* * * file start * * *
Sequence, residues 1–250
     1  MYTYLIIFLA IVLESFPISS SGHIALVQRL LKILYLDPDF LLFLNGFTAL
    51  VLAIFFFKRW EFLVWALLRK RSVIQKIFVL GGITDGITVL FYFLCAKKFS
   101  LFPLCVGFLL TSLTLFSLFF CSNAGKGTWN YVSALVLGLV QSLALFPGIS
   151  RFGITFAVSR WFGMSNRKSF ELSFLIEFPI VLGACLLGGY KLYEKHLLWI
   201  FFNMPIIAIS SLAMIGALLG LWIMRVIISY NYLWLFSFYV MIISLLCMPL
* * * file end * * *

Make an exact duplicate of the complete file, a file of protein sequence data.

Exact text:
Sequence, residues 1–250
     1  MYTYLIIFLA IVLESFPISS SGHIALVQRL LKILYLDPDF LLFLNGFTAL
    51  VLAIFFFKRW EFLVWALLRK RSVIQKIFVL GGITDGITVL FYFLCAKKFS
   101  LFPLCVGFLL TSLTLFSLFF CSNAGKGTWN YVSALVLGLV QSLALFPGIS
   151  RFGITFAVSR WFGMSNRKSF ELSFLIEFPI VLGACLLGGY KLYEKHLLWI
   201  FFNMPIIAIS SLAMIGALLG LWIMRVIISY NYLWLFSFYV MIISLLCMPL